OccupyGhana repeats demands for timelines and roadmap on passage of conduct of Public Officers Act

OccupyGhana repeats demands for timelines and roadmap on passage of conduct of Public Officers Act

OccupyGhana has repeated the demand for timelines and roadmap on the passage of conduct of Public Officers Act.

Accra, 16 November 2023
OccupyGhana has taken note of the following statement in the Government’s 2024 Budget ‘Nkunim’ Speech, presented by the Finance Minister to Parliament on 15 November 2023:

‘184. Mr. Speaker, the new Conduct of Public Officers Act seeks to address current weaknesses in the asset declaration system. The new Act will introduce provisions to ensure public officers submit their declarations in a timely manner and that an effective verification system is in place.

The draft Bill is currently under consideration by Cabinet and will subsequently be submitted to Parliament.’

We remain unconvinced that the Government intends to ensure that the draft Bill is passed into law any time soon, because of the dithering and buck-passing that the Government has engaged in, and the absence of any timelines or a roadmap.  For now, all that exists are empty, reluctant assurances that lead us nowhere.

Although the promise to enact this anti-corruption law was contained in the NPP 2020 Manifesto, it was not until around May 2022 that a draft Bill was submitted to Cabinet. OccupyGhana initiated follow-ups in the same month. In several months of pressure from us we were met with patchy and deflecting responses from Cabinet. Finally, on 14 February 2023, Cabinet informed us that it had rejected the Bill, based on a blatantly false claim that the Bill’s provisions already existed in other legislation. We contested this, and ultimately provided to Cabinet a 20-page table that demonstrated the differences in provisions. Despite our efforts, a 16 June 2023 letter from Cabinet merely acknowledged our communication, offering no resolution.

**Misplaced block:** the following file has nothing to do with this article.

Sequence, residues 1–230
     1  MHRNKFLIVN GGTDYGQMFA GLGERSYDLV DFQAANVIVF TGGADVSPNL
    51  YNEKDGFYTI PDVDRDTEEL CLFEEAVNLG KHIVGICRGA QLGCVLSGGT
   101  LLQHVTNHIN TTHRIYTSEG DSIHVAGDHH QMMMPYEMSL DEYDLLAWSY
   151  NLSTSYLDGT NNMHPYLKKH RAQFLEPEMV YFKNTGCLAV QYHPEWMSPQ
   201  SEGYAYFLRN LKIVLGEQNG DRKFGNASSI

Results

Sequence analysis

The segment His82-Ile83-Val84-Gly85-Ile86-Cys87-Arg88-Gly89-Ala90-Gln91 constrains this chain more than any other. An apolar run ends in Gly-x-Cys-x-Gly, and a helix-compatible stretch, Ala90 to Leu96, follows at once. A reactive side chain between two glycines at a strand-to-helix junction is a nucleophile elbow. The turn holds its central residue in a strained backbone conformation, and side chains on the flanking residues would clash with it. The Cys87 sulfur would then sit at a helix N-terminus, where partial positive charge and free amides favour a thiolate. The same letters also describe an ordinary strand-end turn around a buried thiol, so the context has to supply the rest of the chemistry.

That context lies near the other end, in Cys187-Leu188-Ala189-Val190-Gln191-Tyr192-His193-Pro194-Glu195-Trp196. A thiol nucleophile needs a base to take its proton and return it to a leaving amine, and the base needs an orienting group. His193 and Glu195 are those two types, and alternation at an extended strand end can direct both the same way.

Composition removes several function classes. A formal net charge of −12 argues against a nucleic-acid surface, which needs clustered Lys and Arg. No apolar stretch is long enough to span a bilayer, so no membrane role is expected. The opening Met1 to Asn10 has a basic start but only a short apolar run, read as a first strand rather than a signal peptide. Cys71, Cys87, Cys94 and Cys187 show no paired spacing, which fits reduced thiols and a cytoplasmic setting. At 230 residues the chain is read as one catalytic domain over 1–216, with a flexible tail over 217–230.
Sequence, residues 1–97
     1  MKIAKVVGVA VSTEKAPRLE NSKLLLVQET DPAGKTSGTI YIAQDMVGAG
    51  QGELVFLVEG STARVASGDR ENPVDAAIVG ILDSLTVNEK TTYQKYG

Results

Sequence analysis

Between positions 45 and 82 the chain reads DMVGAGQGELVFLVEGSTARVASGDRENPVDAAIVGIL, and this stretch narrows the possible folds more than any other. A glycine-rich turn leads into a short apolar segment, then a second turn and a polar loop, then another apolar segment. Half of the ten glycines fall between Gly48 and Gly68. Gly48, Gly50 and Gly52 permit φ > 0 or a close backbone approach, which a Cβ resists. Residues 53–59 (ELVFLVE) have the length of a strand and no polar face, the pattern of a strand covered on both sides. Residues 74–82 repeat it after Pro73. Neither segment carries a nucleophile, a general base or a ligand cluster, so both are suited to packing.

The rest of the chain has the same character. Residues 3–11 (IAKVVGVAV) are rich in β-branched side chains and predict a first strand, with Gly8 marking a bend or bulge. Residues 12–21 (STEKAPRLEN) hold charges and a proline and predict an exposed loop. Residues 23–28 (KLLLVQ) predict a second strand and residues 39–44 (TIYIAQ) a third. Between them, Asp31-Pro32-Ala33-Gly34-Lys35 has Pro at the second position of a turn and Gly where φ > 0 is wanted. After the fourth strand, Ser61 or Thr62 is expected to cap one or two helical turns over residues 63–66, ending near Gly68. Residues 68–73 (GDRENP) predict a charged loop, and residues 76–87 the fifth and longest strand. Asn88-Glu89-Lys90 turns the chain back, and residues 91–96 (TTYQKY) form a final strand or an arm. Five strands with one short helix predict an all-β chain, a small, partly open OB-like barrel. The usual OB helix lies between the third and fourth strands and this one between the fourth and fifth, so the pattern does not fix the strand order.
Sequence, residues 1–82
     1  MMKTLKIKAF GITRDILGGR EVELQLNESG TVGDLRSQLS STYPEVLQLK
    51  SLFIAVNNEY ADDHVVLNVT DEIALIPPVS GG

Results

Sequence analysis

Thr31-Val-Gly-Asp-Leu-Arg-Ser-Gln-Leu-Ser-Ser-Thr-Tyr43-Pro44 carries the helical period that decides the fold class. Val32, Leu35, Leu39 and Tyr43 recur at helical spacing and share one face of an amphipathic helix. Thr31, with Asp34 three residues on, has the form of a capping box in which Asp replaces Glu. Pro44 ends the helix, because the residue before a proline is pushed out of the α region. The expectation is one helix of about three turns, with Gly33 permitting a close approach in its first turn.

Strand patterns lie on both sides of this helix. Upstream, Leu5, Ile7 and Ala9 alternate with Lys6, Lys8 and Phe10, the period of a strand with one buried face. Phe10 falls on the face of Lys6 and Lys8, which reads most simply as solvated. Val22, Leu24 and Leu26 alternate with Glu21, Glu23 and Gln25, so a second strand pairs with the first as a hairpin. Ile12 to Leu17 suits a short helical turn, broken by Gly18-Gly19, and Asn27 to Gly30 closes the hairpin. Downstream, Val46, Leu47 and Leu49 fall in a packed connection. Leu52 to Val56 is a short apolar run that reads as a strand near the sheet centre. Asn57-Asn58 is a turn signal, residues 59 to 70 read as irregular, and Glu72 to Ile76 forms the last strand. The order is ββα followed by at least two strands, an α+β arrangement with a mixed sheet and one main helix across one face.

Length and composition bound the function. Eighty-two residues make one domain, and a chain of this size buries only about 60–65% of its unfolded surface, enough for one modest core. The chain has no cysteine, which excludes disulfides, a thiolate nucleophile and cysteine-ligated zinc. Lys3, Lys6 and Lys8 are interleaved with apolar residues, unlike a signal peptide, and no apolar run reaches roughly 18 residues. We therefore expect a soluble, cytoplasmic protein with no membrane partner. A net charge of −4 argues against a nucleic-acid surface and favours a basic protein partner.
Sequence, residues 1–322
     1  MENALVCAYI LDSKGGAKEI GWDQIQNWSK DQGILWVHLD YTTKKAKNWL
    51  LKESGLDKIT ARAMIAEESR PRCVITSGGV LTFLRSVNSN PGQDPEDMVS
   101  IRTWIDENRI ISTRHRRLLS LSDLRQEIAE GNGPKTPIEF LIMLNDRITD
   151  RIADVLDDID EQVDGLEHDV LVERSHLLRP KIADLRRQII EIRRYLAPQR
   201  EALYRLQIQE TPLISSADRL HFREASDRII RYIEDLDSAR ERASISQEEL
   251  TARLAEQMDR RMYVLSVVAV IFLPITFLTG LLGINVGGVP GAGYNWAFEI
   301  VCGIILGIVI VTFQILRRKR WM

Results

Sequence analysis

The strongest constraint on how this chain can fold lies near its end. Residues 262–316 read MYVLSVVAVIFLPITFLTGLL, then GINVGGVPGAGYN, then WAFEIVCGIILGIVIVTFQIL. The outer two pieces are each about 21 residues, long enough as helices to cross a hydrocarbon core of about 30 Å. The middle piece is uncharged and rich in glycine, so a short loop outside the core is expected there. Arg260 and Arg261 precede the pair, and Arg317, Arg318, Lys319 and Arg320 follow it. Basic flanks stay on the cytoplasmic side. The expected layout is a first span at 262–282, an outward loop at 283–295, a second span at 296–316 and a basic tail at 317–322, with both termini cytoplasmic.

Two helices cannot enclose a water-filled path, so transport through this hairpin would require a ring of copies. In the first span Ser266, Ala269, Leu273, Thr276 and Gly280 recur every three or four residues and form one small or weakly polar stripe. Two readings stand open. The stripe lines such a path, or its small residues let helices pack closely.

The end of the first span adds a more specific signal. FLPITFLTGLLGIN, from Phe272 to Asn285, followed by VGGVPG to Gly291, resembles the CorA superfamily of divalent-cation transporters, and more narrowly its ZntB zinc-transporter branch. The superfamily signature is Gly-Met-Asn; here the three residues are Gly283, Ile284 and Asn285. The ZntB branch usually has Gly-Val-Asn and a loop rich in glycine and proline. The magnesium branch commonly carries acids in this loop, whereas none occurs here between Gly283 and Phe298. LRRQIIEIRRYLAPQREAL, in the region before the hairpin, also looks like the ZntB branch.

Ghana’s ironic ‘luck’ came about when because of the Government’s economic crisis, it was forced to seek assistance from the IMF, who, mercifully, made passing the Bill into law a conditionality for its support. The Government, which had rejected the Bill, was then compelled to resume work on it, not because it wants to pass it or because it respects the demands of concerned, interested and directly affected Ghanaians, but because the IMF had made it a conditionality.

On 11 September 2023, the President, in his speech at the opening of the 2023 Annual Conference of the Ghana Bar Association, announced that ‘the Attorney-General will bring the bill for consideration by cabinet and subsequent enactment by Parliament upon the conclusion of the consultation.’ This announcement raised questions, because unless the President was suggesting a resubmission of the Bill to Cabinet, it lacked coherence: the Bill had been with the same Cabinet for about one and a half years already and had been rejected!

The very next day, on 12 September 2023, we sent yet another letter to Cabinet. This time, Cabinet claimed it had requested the Finance Minister to prepare a memorandum on the matter and was awaiting that memorandum before concluding deliberations. Despite our attempts to engage the Finance Minister on this, all our letters and reminders to him have been ignored. Cabinet itself has ceased responding to us.

Consequently, we doubt the Government's sincerity when it once again announces through the same Finance Minister who is part of the Cabinet that rejected the Bill and who has ignored us, that ‘the draft Bill is under consideration by Cabinet and will be submitted to Parliament subsequently.’ What sticks out is the complete, continued and deliberate absence of any timelines or roadmap.

In the upcoming Budget debate, we expect that Parliament, if it is not part of this ongoing pantomime and charade, will demand specific answers from the Government regarding timelines and a roadmap. The questions should include ‘When will the unenthusiastic and hesitant Cabinet conclude its almost two-year excruciatingly reluctant and deliberately snail-paced consideration of the draft Bill, and when will it submit it to Parliament?’

Without this, the Government is merely taking the people for a ride. ‘Nkunim’ or victory is not achieved by being probably the only Government on earth that has to be compelled by IMF conditionalities to fulfil a campaign and Manifesto anti-corruption promise! ‘Nkunim’ or victory is achieved where a government that is serious about the fight against corruption, provides clear timelines on and outlines a roadmap to the passage of this all-important law.

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